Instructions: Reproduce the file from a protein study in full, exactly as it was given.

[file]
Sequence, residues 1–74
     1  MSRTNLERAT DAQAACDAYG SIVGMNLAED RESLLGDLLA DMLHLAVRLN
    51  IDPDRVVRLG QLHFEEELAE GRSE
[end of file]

Sequence, residues 1–74
     1  MSRTNLERAT DAQAACDAYG SIVGMNLAED RESLLGDLLA DMLHLAVRLN
    51  IDPDRVVRLG QLHFEEELAE GRSE